Search Images Maps Play YouTube News Gmail Drive More »
Sign in
Screen reader users: click this link for accessible mode. Accessible mode has the same essential features but works better with your reader.

Patents

  1. Advanced Patent Search
Publication numberUS3480914 A
Publication typeGrant
Publication dateNov 25, 1969
Filing dateJan 3, 1967
Priority dateJan 3, 1967
Publication numberUS 3480914 A, US 3480914A, US-A-3480914, US3480914 A, US3480914A
InventorsSchlaeppi Hans P
Original AssigneeIbm
Export CitationBiBTeX, EndNote, RefMan
External Links: USPTO, USPTO Assignment, Espacenet
Control mechanism for a multi-processor computing system
US 3480914 A
Abstract  available in
Images(14)
Previous page
Next page
Claims  available in
Description  (OCR text may contain errors)

Nov. 25, 1969 H. P. SCHLAEPPI 3,480,914

CONTROL MECHANISM FOR A MULTIPROCESSOR COMPUTING SYSTEM Filed Jan. 13, 1967 14 Sheets-Sheet 1 Fl G. 1

MEMORY H I PROC PROC PROC L 1 2 N l If IC I.C. IC I 2 N PROCESSOR Fl G 2 INTERACTION II ,ICONTROLLER [I I l BUS READ ONLY MEMORY I CLOCK IP- SEQUENCE SOURCE I CONTROL CONTROL) I RECEIVER REQUEST I I REQUEST IDENTIFICATION CIRCUITRY CIRCUITRY L I INTERACTION BUS INVENTOR HANS P. SCHLAEPPI BY gfimw ATTORNEY Nov. 25, 1969 H. P. SCHLAEPPI CONTROL MECHANISM FOR A MULTIPROCESSOR COMPUTING SYSTEM Filed Jan. 5, 1967 14 Shee ts-Sheet 7.

FIG. FIG. FIG. FIG. ff i 3A 3B 3C 3D 3 l FIG. FIG. FIG. FIG. 3E 3F 36 3H ENTRY FIG. FIG.

31 u ADDRESS READ s2 ONLY 5 DECODER SCR r MEMORY h L. 00 NOTHlNG (WHEN SCR IS an m ALL laws) ,26 HAS ALL ZEROS ma NEXT INSTRUCTIOMP-SEOUENCE comma) ,so musmr comma 0F REG AT"A"TIME a usm ma" TIME ,m COMPARE REG wnu BUS AND ANSWER 1r EQUAL ,504 mmm REQUEST FOR R-SEUUENCE ,112 DECODER umocx OUEUE LOCKOUT OUEUE R-SEOUENCE COMPLETE ,240 RELEASE BUS WAIT FOR BUS ,sa FIG. 3A 1 Nov. 25. 1969 H. P. SCHLAEPPI 3,430,914

CONTROL MECHANISM FOR A MULTIPROCESSOR COMPUTING SYSTEM Filed Jan. 5, 1967 14 Sheets-Sheet 3 P REQUEST PULSE AT'W'HME 0T WORKING ON PREVIOUS R-SEOUENCE WORKING ON PREVIOUS R-SEQUENCE Nov. 25, 1969 H. P. SCHLAEPPI CONTROL MECHANISM FOR A MULTIPROOESSOR COMPUTING SYSTEM 14 Sheets-Sheet 4 Filed Jan.

I V 2 7 3 E T J S G E R N 3 G L M 1 3 m C F DDIVII. F A 0 Q R w E 3 T E in t G J G E R 8 :I A M 3 R 6 mm a WS G 7 S ill! J G E R V U W m B ZJ .L

Nov. 25, 1969 H. P. SCHLAEPPI 3,480,914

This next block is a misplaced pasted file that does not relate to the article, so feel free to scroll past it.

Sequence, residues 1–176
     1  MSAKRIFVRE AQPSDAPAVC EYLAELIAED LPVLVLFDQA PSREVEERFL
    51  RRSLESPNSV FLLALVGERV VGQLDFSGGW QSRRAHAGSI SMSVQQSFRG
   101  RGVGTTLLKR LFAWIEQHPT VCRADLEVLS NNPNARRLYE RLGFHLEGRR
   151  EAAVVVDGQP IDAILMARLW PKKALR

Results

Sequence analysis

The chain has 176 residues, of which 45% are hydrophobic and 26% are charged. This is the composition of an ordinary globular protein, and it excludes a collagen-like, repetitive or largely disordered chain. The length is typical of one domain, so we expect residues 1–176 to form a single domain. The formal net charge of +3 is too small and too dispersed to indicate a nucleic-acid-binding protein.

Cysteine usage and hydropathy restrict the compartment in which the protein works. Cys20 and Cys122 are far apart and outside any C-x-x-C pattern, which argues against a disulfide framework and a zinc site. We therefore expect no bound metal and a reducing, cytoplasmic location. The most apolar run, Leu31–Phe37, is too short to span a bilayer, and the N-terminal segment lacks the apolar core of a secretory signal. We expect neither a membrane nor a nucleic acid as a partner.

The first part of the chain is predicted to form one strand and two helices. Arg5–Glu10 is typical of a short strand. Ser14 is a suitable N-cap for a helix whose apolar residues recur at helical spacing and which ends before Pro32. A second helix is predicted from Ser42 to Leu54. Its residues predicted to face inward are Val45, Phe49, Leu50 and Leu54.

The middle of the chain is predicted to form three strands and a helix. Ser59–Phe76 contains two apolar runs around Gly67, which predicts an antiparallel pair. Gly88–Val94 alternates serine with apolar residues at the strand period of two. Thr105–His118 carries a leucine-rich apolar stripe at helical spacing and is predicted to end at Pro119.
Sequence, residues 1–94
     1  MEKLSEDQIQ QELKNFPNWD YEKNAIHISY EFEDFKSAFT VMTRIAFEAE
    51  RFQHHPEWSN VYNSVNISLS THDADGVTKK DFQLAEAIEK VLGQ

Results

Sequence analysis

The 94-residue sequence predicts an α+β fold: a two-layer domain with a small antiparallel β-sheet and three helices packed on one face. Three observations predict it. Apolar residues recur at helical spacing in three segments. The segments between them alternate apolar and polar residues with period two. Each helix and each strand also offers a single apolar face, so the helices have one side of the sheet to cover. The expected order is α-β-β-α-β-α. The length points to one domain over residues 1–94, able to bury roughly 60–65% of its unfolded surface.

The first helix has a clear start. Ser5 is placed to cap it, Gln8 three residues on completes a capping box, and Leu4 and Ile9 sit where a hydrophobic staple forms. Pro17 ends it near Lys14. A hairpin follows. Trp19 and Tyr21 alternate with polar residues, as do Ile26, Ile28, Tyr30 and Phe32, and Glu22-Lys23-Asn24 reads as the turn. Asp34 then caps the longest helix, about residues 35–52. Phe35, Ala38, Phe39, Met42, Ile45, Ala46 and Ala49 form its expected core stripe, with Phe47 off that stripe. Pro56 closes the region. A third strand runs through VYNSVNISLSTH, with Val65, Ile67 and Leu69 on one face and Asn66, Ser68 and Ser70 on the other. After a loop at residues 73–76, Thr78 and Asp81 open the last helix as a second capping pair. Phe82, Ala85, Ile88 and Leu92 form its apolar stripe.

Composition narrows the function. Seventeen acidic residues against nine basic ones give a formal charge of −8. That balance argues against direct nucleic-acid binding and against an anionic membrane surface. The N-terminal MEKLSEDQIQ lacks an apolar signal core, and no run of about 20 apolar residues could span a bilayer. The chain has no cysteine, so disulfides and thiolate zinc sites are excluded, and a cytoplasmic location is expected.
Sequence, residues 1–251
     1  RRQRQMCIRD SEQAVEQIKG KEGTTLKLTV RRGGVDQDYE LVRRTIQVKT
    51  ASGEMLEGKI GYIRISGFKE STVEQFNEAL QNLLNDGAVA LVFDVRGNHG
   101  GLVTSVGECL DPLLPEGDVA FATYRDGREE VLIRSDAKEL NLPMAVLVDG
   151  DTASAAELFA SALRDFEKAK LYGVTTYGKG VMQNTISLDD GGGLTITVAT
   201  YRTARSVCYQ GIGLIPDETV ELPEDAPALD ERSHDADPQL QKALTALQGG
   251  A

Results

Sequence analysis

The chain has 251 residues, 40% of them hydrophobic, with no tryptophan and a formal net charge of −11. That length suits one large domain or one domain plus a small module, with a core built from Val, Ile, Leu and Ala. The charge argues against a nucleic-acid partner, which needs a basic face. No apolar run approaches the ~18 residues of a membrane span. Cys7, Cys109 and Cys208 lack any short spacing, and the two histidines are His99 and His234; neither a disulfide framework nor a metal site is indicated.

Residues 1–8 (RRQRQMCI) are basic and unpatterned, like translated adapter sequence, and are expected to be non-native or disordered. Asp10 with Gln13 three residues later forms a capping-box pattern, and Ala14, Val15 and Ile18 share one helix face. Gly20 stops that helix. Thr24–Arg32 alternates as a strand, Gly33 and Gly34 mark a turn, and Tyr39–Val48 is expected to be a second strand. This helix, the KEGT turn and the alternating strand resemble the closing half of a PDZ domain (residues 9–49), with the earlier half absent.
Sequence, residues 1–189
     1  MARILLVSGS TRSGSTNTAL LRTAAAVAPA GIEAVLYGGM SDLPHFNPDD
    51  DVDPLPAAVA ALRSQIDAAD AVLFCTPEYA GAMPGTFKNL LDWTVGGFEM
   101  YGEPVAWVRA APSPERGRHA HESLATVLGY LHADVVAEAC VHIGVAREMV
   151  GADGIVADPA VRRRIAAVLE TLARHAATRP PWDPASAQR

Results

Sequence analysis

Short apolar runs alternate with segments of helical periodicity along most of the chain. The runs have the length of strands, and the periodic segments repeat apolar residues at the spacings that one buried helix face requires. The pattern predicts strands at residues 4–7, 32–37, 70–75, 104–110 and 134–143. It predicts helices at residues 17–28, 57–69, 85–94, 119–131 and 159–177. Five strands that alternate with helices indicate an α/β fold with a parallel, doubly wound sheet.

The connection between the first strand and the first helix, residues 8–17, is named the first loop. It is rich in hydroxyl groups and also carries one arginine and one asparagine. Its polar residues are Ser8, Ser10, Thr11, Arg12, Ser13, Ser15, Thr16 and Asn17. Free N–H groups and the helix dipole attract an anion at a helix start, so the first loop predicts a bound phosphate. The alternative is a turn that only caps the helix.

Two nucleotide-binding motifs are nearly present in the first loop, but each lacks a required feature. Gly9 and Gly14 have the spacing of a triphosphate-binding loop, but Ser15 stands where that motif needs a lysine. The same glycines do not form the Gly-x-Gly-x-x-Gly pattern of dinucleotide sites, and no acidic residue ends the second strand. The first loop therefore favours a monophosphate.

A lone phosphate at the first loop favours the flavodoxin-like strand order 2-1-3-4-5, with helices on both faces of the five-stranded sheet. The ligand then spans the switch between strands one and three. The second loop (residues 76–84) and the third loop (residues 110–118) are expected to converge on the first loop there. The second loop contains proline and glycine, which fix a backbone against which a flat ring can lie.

CONTROL MECHANISM FOR A MULTIPROCESSOR COMPUTING SYSTEM Filed Jan. 25, 196'? 14 Sheets-Sheet E5 Fl G 3 E 234 1a 306 BUSY c055 IDEN'I 'fFIER REGISTER REG'STER REGISTER COMPARE as s "TAKE-OVER" 88 -01 ADDRESSED TO ME "TAKE-OVER" 82 ADDRESSED TOME BUS AND NOT wAmNc l R A A A 64 l 28B 94 290 TAKE-OVER I I I I DECODER f f f i l U WAKEoVER" 0 i 56 WADDRESSED TOME AND wmms Nov. 25, 1969 H. P. SCHLAEPPI CONTROL MECHANISM FOR A MULTIPROCESSOH COMPUTING SYSTEM Filed Jan. 5, 1967 14 Sheets-Sheet F '11 1 f 1 v 1 1 1111111011 1111111011110 r'g c o u E BUS BUSYSIGNAL 1 10 1 1 1111111181- 60 W 1 1111111111 F 1 1 I u1=1 occures 1 o 1 o B I 1 A 1 I11011111055 l H- 1 ROM A 1 A 1 1 20 l 14 I 1 uses 10 GATE THE 1 1 ADDRESS or NEXT 22 OR INSTRUCTION INTHE 1 P-SEOUENCE 101115 SCRJHISNEXT msmucnou 15 FOR THE CYCLE AFTER 111 1112 260 Y R p i OFTHER-SEQUENCE 1 I 1 1111s PUT 011 THE BUS 1 264 114 1 TRMsMITTER STARTS 4% F f "REQUEST FOR R- 1 0 11 0 SEQUENCE" r zee l 116 A A FIG. 3F A A L 268 /11s i 1 0 11 0 1 1 1 110 2111 40 1 j Nov. 25, 1969 H. P. SCHLAEPPI CONTROL MECHANISM FOR A MULTIPROCESSOR COMPUTING SYSTEM File 5, 1967 14 Sheets-Sheet 11 1 @184 x c i 101 WORKINGONPSEQUENCE 18 l I 1 I 1118 Cm ZEROS FF 1 1 fie 1/240 1 A 192 1 i 1 24s 1 G I *1 FF 194 c ADDRESS /24? 196W 2 SAVE I A l Ll REGISTER 1 e 1 1osc11 %%LE /2014 206 OR I 1 2011 c 11 PULSE 0111551115 ENTRY 1 l; 210 ADDRESS 11111011150111115 BUS FF TOTHESCRUF 11115 RECEIVINGIC 1 l 10 I B Y211 1 FIG. 3H j 216 km a G x j L. 1 11111 1110110 111011555 0F 11 SEQUENCE 111011 BUS BUS Nov. 25, 1969 Filed Jan.